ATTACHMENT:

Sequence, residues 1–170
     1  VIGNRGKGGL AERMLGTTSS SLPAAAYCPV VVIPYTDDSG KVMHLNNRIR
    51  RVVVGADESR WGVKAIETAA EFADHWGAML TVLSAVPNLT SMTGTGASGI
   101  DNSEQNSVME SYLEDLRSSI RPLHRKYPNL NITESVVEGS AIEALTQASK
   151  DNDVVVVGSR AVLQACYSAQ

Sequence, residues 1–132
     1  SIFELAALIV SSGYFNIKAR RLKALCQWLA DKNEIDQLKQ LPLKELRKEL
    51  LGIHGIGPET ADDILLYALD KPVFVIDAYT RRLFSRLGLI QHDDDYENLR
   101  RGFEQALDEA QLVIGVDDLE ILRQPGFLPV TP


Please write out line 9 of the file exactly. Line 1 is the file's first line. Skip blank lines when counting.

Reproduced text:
   101  RGFEQALDEA QLVIGVDDLE ILRQPGFLPV TP